Aspen Highlands won’t try to reopen after Colorado governor extends ski area closures to May 23
Any chance of getting a few more lift-served runs at Aspen Highlands Ski Area were dashed late Thursday night when the Colorado governor extended the ski area closures to at least May 23.
Aspen Skiing Co. vice president of communications Jeff Hanle said Friday that with the governor’s latest extension, Skico will not consider trying to reopen Highlands even on a limited basis.
“With the extension of the ski area closures by Governor Polis and the recent warm weather, we will move on from our plans to potentially reopen Aspen Highlands and concentrate on summer operations and construction projects,” Hanle wrote in an email to The Aspen Times. “We are disappointed that as America’s greatest ski state we were not able to figure out a way to get skiing reopened with this latest phase of new openings, and are saddened that Aspen Skiing Company will not be able to provide our community with lift served recreational opportunities this month.”
One of a number of executive orders sent late Thursday night, Colorado Gov. Jared Polis remains concerned about taxing the health care services in the mountain communities if spring skiing and snowboarding was to resume.
“Mountain communities, where many of Colorado’s premier ski areas are located, have been particularly hard-hit by the COVID-19 outbreak in the State. Medical centers in these areas have limited ability to meet the needs of individuals with COVID-19. Further strain on their resources creates a risk that medical personnel in the area will be unable to provide needed care to residents and visitors to our mountain communities,” the order states.
After the governor closed the ski areas starting March 15, officials at Aspen Skiing Co. said on March 17 they would not reopen Buttermilk and on March 20 said they would not re-open Aspen Mountain or Snowmass.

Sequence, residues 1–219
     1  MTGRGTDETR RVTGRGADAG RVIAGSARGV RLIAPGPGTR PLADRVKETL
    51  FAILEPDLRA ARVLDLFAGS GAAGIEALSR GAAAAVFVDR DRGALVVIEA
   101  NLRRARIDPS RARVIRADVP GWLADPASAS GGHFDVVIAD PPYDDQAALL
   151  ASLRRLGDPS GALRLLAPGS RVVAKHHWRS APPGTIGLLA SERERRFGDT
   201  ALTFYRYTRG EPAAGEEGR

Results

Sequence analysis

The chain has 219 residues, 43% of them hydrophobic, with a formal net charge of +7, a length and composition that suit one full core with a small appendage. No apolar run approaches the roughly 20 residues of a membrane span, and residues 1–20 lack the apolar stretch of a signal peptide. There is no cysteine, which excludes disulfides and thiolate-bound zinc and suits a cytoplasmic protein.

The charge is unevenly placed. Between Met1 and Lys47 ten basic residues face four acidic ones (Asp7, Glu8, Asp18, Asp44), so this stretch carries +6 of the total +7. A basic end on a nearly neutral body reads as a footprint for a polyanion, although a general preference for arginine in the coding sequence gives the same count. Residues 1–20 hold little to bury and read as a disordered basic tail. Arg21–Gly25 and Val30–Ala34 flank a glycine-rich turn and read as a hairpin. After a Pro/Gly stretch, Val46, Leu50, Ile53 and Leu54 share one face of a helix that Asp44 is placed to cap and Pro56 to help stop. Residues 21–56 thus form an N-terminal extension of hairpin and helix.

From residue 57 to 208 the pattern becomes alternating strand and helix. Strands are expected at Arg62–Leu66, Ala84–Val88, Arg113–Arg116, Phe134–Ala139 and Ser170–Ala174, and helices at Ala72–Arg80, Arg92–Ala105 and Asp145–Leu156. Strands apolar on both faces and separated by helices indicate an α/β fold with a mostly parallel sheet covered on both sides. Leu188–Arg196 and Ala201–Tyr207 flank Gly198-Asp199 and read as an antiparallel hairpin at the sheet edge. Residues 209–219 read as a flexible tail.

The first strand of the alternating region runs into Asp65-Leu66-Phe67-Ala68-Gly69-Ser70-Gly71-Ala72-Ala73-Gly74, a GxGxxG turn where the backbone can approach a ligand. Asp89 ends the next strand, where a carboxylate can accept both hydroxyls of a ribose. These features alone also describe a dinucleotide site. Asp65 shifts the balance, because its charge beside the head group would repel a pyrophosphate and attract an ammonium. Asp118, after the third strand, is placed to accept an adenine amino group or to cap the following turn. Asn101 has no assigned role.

At that time, they did leave open the possibility of turning on the lifts at Highlands if conditions and safety procedures to fight the pandemic were allowable. On March 20, Hanle said there could be limited services at Highlands if a number events aligned.
“If we are given advice that we can reopen sometime late in April by state and local health agencies, we would evaluate conditions for a limited opening,” Hanle told The Aspen Times then.
Crews have started working on summer projects at Ajax and Snowmass, which will see a new lift at Big Burn.
May 23, which is when the latest extension sunsets, is the Saturday of Memorial Day Weekend. On Memorial Day weekends in 2017 and 2019, the top of Aspen Mountain was opening for skiing and snowboarding.
Last year, the ski season went into June with bonus days on the weekends, including during the Food & Wine Classic.
Closer to the Front Range, Arapahoe Basin in Summit County has had seasons run into June and on occasion into July. Many resorts along the Front Range are not allowing uphilling because of a concern about large crowds gathering. The owner of Wolf Creek ski area was trying to open the resort this weekend, but Gov. Polis’ latest order cancels that attempt.
“We remain hopeful and engaged at the state level in effort to help ensure that skiing can still happen for some this spring. We continue to believe that spring openings are critical to enable the industry to test and learn before the winter season so that we come up with acceptable protocols that allow ski areas to operate and thrive in whatever becomes the new normal,” Hanle said Friday. “It is imperative for the future of this industry and the communities we support that we all come together to figure out the right balance of safety and operational functionality.”
Skico continues to groom some trails for uphillers since the resort closed.
“We will keep uphilling accessible (on Aspen Mountain) as long as it is safely possible,” Katie Ertl, Skico senior vice president of mountain operations, said in an April 22 report.
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